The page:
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Mitchell details political and religious hostility from his earliest days at the University of Colorado. Mitchell recounts that in his very first class, one of his colleagues told the class that he would put evangelical Christians in concentration camps if had his way. When Mitchell quoted scholar Thomas Sowell in expressing dissent over a director of a diversity program’s advocacy of affirmative action, the director then berated the history professor as a racist. Sowell, like two of Mitchell’s adopted children, are African American. The AAUP document notes that colleagues raised unsubstantiated charges of anti-Semitism, homophobia, and sexism, and barred the Christian academic from teaching on religion. Mitchell now teaches at Colorado Christian University, where his faith is a more explicit part of his pedagogy. “As a follower of Jesus Christ, it is not possible for me to separate [faith and learning],” Mitchell explains on his new school’s website. “When Christ becomes the Lord of your life, He merges your discipline with your walk with Him.”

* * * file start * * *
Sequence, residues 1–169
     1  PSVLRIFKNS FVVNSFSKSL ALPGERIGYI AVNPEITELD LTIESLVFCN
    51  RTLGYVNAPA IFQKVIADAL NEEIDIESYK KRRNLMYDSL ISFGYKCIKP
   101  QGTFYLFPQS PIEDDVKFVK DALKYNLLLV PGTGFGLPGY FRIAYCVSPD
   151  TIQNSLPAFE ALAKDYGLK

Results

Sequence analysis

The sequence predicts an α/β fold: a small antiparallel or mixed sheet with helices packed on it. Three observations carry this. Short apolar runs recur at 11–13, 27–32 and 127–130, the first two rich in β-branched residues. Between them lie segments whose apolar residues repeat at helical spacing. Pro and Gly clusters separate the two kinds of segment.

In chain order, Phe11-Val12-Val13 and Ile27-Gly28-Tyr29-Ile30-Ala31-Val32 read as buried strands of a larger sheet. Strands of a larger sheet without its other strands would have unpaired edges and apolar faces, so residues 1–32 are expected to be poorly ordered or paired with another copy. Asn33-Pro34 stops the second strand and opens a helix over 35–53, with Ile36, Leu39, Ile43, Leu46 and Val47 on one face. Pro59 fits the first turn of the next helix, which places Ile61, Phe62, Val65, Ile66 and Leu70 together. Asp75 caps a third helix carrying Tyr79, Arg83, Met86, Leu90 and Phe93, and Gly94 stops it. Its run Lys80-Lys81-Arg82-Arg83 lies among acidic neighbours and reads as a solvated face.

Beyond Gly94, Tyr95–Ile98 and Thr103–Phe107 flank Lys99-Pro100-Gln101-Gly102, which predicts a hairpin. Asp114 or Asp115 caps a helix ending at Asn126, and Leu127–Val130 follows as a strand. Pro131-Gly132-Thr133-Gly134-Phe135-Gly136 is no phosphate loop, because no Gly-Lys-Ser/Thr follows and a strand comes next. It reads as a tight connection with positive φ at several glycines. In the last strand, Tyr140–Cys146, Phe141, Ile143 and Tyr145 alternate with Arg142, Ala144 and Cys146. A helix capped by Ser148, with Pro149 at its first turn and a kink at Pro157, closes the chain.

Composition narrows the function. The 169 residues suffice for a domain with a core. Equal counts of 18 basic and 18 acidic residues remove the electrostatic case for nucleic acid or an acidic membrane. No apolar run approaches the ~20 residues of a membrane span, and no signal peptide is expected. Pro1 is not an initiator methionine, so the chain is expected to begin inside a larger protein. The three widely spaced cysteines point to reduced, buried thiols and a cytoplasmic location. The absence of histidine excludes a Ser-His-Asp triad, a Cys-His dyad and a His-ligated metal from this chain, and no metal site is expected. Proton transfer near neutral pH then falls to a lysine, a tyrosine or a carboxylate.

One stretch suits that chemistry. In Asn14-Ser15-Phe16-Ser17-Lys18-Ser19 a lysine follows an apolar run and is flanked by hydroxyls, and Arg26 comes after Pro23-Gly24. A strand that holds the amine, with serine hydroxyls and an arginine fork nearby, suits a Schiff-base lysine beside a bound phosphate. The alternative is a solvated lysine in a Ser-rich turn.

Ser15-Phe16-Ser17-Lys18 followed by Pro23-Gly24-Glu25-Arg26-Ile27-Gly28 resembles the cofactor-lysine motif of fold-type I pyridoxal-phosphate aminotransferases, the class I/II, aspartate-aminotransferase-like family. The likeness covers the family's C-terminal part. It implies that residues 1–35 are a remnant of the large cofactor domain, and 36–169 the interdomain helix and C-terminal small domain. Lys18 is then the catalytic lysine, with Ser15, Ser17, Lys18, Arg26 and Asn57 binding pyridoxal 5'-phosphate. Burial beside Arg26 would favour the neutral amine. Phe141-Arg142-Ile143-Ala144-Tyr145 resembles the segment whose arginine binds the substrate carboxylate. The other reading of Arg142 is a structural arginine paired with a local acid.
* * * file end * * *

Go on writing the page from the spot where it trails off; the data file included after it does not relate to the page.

Undermining the message for some, providing balance for others, the AAUP also includes in its indictment of CU Ward Churchill, the controversial former chairman of CU’s ethnic studies department, who was fired after claiming that the 9/11 terrorists acted with “patience and restraint” and calling their World Trade Center victims “little Eichmanns.” Just as Mitchell’s status as an untenured adjunct professor may complicate the report’s message, Churchill’s plagiarism and false claims of Native American heritage complicate its indictment of the university on the grounds of academic freedom.
This controversy over faculty bias isn’t the first to envelope the University of Colorado. A 1990s Rocky Mountain News survey of selected departments at the school’s Boulder campus found a 31-1 Democrat-Republican imbalance. A subsequent survey of various departments in the liberal arts and the social sciences by the Center for the Study of Popular Culture revealed that 94 percent of those CU-Boulder faculty members had registered as Democrats.
“If [economics professor] Ann Carlos and the History Department at CU had merely said, ‘We recommend Mitchell not be re-hired because we don’t like his opinions,’ it’s doubtful that [college of arts and sciences] Dean [Todd] Gleeson would have concurred,” the AAUP investigation concludes. “What they did instead was contrive a case against him, as documented in this report. Anyone who values the free exchange of ideas should be disturbed.”
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